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‘Inaccurate’: COVID-19 vaccine disinformation fuels medical myths

PARIS — Disinformation around COVID-19 vaccines has existed as long as the jabs themselves.

Unverified studies, unproven claims and out-of-context data are regularly shared on websites and social media across the globe—fueling dangerous myths about the virus and the vaccines.

As Austria becomes the first European Union country to make vaccines mandatory this week, AFP looks at some common disinformation surrounding the jabs:

Causation vs. chronology

A common concern about the COVID-19 vaccines is that they can cause harm, or even death, to those who get them.

Some websites claim to link health risks to the jabs. Others offer information that is then used by people as alleged proof that vaccines are dangerous.

The US Vaccine Adverse Event Reporting System (VAERS) is a database that reports alleged harm caused by vaccines.

The website is open to the public, and anyone can submit a report.

But VAERS makes it clear that it cannot be used as proof of vaccine harm.

"A VAERS report does not necessarily mean that a vaccine caused the health problem, only that the symptoms occurred after vaccination," it says in its search engine training video.

If a symptom occurs after vaccination, it does not necessarily mean that the symptom occurred as a result of the vaccination—a matter of causation versus chronology.

The VAERS site makes it clear that reports "may contain information that is incomplete, inaccurate, coincidental, or unverifiable."

But VAERS data has been used by French politician Martine Wonner to claim 54 American children had died as a result of COVID-19 jabs.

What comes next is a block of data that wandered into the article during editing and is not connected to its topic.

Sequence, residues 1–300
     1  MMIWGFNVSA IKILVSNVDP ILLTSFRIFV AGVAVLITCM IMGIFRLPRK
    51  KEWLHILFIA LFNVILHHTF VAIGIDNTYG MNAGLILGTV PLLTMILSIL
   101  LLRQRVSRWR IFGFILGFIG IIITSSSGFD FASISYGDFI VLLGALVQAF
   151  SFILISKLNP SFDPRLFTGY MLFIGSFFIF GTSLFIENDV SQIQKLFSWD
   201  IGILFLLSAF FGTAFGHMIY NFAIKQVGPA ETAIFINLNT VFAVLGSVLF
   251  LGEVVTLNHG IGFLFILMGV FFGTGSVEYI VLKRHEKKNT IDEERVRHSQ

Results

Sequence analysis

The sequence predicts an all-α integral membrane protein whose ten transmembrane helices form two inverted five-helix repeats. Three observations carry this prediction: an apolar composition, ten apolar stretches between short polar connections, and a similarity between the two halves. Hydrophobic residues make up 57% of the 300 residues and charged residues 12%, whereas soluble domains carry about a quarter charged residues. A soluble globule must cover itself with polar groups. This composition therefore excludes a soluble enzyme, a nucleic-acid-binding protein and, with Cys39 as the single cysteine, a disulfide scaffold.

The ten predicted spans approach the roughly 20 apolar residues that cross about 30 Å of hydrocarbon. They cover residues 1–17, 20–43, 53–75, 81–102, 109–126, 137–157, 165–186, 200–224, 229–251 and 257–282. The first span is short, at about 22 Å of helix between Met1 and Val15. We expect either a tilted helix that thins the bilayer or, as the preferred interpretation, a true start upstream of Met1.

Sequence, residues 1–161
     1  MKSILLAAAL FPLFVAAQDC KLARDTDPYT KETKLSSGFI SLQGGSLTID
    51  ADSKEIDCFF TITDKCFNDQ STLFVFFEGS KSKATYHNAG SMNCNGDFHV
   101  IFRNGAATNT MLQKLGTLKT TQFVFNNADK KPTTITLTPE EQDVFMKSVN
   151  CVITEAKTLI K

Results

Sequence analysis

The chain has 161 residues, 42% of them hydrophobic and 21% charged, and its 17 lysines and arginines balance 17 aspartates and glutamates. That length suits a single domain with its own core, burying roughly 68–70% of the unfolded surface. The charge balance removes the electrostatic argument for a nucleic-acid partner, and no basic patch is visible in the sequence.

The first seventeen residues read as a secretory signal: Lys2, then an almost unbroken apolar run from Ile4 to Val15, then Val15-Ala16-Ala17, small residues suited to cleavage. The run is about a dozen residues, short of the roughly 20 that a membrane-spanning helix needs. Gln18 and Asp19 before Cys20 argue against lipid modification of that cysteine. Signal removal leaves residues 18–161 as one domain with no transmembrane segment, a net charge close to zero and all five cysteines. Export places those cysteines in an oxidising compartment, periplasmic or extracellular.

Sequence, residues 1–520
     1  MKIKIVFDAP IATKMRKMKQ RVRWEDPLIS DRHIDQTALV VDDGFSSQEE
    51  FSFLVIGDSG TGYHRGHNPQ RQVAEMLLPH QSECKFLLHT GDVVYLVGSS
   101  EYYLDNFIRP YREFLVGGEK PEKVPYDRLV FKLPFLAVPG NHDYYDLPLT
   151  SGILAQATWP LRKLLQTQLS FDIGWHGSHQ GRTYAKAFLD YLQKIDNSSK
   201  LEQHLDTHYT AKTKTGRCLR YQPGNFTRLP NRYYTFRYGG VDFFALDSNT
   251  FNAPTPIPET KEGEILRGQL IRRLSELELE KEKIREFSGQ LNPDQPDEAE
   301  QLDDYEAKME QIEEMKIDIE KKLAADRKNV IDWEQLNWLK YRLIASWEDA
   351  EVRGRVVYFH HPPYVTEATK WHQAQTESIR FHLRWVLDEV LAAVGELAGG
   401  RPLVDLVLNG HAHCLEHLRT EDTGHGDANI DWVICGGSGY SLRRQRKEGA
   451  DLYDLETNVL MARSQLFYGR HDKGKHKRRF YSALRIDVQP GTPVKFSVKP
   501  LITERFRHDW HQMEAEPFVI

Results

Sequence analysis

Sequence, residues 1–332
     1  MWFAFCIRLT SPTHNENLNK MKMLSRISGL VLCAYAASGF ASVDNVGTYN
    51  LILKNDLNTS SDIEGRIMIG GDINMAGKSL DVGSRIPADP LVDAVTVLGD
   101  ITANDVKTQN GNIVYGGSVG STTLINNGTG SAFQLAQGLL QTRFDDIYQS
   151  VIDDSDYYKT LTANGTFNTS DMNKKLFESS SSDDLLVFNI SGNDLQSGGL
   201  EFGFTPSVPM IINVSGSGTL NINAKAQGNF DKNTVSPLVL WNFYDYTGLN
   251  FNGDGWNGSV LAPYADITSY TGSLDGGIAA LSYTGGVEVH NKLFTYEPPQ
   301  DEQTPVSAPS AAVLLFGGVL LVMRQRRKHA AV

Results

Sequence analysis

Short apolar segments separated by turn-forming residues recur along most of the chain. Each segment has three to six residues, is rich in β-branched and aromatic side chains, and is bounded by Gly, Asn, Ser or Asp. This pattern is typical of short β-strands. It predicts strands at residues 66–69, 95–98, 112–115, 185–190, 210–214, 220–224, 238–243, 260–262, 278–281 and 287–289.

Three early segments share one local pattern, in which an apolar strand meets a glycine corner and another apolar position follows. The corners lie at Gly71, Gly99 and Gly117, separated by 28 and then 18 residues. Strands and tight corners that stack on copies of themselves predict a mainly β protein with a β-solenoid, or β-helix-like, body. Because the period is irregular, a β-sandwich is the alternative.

Wonner used the data to argue that French children should not be vaccinated.

Leading medical bodies in the United States and Europe have said that rare side effects can occur as a result of some of the vaccines—blood clots or myocarditis, for example—but that the benefits of taking the jabs outweigh the risks.   

Immune system and infertility

Other common medical myths have no scientific proof but persist, for example that the vaccines can weaken the immune system, cause infertility or modify our DNA.

A December post from a US website claimed COVID-19 shots caused something called "vaccine acquired immune deficiency syndrome," citing a study.

But the study in question—which covered waning effects of vaccines over time—made no mention of any such "syndrome."

One of its authors confirmed to AFP that the post amounts to "misinformation."

The bogus health claims don't end there.

One video created in 2020 that continued to be shared online into 2021 claimed that "97 percent of corona vaccine recipients will become infertile," citing a "Big Pharma whistleblower."

But infertility is not cited as a side effect in any vaccine so far—for coronavirus or anything else.

"There's no vaccine in the world that can cause infertility," Katharine White, an obstetrics and gynecology professor at Boston University School of Medicine, told AFP when asked about the matter last year.

Claims about some vaccines altering DNA have also taken hold online.

They involve mRNA vaccines, which tell the body to produce proteins that resemble those of the virus instead of using a component or modified virus, as seen in the flu vaccine, for example.

The technology has led some to believe untrue claims that the vaccines interfere with people's genes.

But our genes are located in a special part of our cells called the nucleus, and mRNA jab material does not access that part of our bodies.

That means it is impossible for the material to reach our DNA.

Stretched statistics 

Statistics surrounding vaccines are often taken out of context or distorted to show they are ineffective.

In France, for example, some people point to official figures that say there are more COVID-19 cases in vaccinated people than in unvaccinated people.

But since such a large portion of France's population is vaccinated—more than 75 percent—it is not surprising that COVID-19 cases are occurring among the vaccinated.

COVID-19 vaccines are known to help prevent severe illness and death—but they do not necessarily prevent the virus from spreading.

That means that cases still occur among the vaccinated, and there will be more cases among the vaccinated if a greater number of people are vaccinated.

And if, for example, 100 percent of a population is vaccinated, any occurrence of infection or hospitalizations will be among the vaccinated.

It is not a reflection of the vaccines, but rather a well-known phenomenon among statisticians known as "Simpson's paradox." — AFP